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Established in 1985, the Workplace Safety and Insurance Appeals Tribunal (WSIAT) is the final level of appeal to which workers and employers may bring disputes concerning workplace safety and insurance matters in Ontario. WSIAT has always been separate from and independent of the Workplace Safety and Insurance Board.

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  Decision 576 15
7/29/2015
R. Nairn

  • Board Directives and Guidelines (interest)
  • Assessment of employers (retroactivity) (credit interest)

In 2001, the Board granted the employer a NEER adjustment, resulting in a credit of about $19,000. In 2011, the employer requested payment of interest on the adjustment from the amount was paid in 2000 until it was refunded in 2001. The employer appealed a decision of the Appeals Resolution Officer denying the payment of interest.
Board Operational Policy Manual, Document No. 14-02-06, on employer premium adjustments, creates a two-year retroactivity limit on premium adjustments. The employer submitted that this policy referred to interest charges (debit interest) and not to interest payments (credit interest), and that there was nothing in the policy to preclude the payment of interest requested by the employer.
The employer also submitted that Document No. 14-02-07, on employer non-compliance interest and charges, only limits credit interest by providing that it does not apply to periods prior to January 1, 1997.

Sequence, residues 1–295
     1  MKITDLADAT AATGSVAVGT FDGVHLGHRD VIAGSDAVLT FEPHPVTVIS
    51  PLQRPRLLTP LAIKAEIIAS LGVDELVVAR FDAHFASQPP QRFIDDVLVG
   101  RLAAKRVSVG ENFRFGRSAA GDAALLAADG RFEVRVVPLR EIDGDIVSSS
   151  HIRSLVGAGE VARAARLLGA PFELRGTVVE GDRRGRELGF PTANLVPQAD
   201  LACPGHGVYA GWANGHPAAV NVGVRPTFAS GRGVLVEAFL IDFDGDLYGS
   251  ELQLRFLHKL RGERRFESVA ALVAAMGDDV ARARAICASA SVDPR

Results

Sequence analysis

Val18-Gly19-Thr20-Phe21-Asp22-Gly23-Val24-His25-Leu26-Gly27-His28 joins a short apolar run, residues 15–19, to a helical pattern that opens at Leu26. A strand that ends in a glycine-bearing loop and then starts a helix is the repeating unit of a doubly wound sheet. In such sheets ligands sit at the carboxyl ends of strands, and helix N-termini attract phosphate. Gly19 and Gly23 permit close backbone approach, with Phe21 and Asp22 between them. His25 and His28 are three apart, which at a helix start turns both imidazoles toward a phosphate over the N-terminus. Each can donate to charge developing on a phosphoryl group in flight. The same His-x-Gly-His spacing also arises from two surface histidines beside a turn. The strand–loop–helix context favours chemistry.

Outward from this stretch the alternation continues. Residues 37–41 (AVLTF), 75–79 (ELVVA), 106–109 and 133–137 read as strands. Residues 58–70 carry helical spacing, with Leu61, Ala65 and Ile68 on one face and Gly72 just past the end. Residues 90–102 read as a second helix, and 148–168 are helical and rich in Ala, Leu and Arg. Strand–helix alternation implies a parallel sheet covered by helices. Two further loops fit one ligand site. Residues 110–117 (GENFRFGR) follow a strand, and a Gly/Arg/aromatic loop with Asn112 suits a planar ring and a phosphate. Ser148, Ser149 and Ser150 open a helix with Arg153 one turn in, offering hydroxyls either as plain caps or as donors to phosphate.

The Vice-Chair noted that the Tribunal has generally interpreted interest as being included in the concept of premiums. Decision No. 150/08 found that the amount of premiums and penalties payable by an employer includes the interest payable. Accordingly, the Vice-Chair was satisfied that Document No. 14-02-06, which provides that the Board makes debit or premium adjustments to employer accounts back for two years, was broad enough to included adjustments for credit interest, unless otherwise excluded. None of the specific exclusions in the policy referred to interest.
Document No. 14-02-07 did not create a special retroactivity rule for interest payment. The reference to credit interest not applying in periods prior to January 1, 1997, was not intended to create a special retroactivity rule. Rather, it was a reference to the fact that the Board did not have a policy to pay credit interest to employers until January 1, 1997. In addition, the Vice-Chair noted the reference in Document No. 14-02-07 to see Document No. 14-02-06 for adjustments to premiums. The Vice-Chair was satisfied that this reference includes the general retroactivity rule in Document No. 14-02-06.
Even if "interest charges" in Document No. 14-02-06 is interpreted narrowly to refer only to debit interest, the general retroactivity rule should still apply by analogy interest payments or credit interest. Credit interest is not analogous to any of the exclusions in Document No. 14-02-06. Credit interest is more analogous to debit interest. Had the Board intended to treat credit interest differently, it could easily have included a specific exemption.
The appeal was dismissed.